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Biracial Family Looks Back At A Big Hurdle

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Biracial Family Looks Back At A Big Hurdle

Biracial Family Looks Back At A Big Hurdle

Biracial Family Looks Back At A Big Hurdle

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  • <iframe src="https://www.npr.org/player/embed/99397967/99450220" width="100%" height="290" frameborder="0" scrolling="no" title="NPR embedded audio player">
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Willa Woodson Guidi and Brad Guidi with their daughter, Tasha, in Peoria, Ill. The Guidis also have a younger daughter, Dominique. StoryCorps hide caption

toggle caption StoryCorps

Willa Woodson Guidi and Brad Guidi with their daughter, Tasha, in Peoria, Ill. The Guidis also have a younger daughter, Dominique.

StoryCorps

Brad Guidi and his wife, Willa Woodson Guidi, met in 1970 at Bradley University in Peoria, Ill. He came from an Italian-American family; she is African-American.

Recently, they spoke with their daughter, Tasha, about the early days of their relationship.

The two were introduced by a mutual friend — and their relationship grew in the months that followed.

But there was plenty for them to learn about each other. Brad recalls that before he went to college, "I knew two African-Americans in my life. And that was Hank Aaron and Willie Mays."

They also faced the question of when to tell their parents. The news was not well received.

"At the best, it was considered a death in the family," Brad said of his parents' reaction.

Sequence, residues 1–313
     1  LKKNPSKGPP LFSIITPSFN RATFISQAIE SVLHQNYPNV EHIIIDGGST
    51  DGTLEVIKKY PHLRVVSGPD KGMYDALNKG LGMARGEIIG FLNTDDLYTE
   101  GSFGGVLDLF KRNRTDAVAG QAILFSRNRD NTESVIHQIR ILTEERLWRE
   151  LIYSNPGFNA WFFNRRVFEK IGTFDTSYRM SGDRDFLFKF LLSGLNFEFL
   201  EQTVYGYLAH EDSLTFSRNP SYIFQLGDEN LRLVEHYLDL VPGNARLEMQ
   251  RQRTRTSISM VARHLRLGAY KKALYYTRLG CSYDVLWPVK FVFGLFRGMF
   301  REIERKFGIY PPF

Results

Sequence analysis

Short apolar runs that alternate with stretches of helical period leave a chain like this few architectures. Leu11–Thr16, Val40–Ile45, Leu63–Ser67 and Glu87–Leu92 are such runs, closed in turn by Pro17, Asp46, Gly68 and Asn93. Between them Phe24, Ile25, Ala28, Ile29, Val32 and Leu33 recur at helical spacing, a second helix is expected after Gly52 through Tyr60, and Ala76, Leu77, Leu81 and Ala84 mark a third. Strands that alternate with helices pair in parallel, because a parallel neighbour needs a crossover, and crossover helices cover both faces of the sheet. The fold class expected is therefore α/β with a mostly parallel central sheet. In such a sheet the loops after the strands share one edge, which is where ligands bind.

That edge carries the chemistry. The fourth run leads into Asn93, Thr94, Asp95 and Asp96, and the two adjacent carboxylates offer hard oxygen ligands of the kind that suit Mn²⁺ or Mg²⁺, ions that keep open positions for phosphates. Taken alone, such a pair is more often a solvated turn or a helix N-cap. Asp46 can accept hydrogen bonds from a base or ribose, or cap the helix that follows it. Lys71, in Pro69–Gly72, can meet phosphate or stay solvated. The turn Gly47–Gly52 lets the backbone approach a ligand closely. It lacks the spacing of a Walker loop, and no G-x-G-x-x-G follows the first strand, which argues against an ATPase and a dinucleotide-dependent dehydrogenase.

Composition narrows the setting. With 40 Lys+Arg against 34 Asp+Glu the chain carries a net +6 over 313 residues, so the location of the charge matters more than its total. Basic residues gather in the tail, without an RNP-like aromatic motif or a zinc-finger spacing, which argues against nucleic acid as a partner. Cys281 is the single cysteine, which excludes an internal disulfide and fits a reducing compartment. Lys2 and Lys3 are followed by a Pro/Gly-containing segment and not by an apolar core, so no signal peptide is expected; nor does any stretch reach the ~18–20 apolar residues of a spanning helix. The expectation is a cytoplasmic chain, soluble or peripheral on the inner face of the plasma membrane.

Willa's parents were a bit more open to the idea of their daughter marrying a white man.

"My mother's reaction was, 'Well, do you think we're excited about it?' " Willa said. "And then my dad was like, 'Well, they're gonna do what they're gonna do — and I gotta go to work.'

"And I remember Brad's mom saying, 'We could learn to love you,' Willa said. "And his dad said, 'Oh, no, we couldn't.' "

The reaction wasn't universally negative. Brad's aunts, for example, were receptive to the couple; they had experienced bigotry themselves, growing up in an era when Italians were openly discriminated against.

"To them, it really wasn't as big a deal as it was to the next generation that was born in the United States and had grown up and not experienced that discrimination that they had," Brad said.

But the tide began to turn, the couple said, when the possibility of a grandchild arose.

"Once I became pregnant, Brad's mom just stepped up to the plate," Willa said. Tasha was the first grandchild in her family.

"Once you were born, that's when everything turned around," Willa told her daughter.

"Seeing a child or seeing a grandchild, they see themselves," Brad said. "So now they understand that this is blood. You know, this is family."

Brad said that in his daughter, their relatives could see that their lives were all mixed together.

"To me, that's the bottom line," he said. "If you have that strong family relationship, you can handle just about anything."

Produced for Morning Edition by Katie Simon. The senior producer for StoryCorps is Michael Garofalo.

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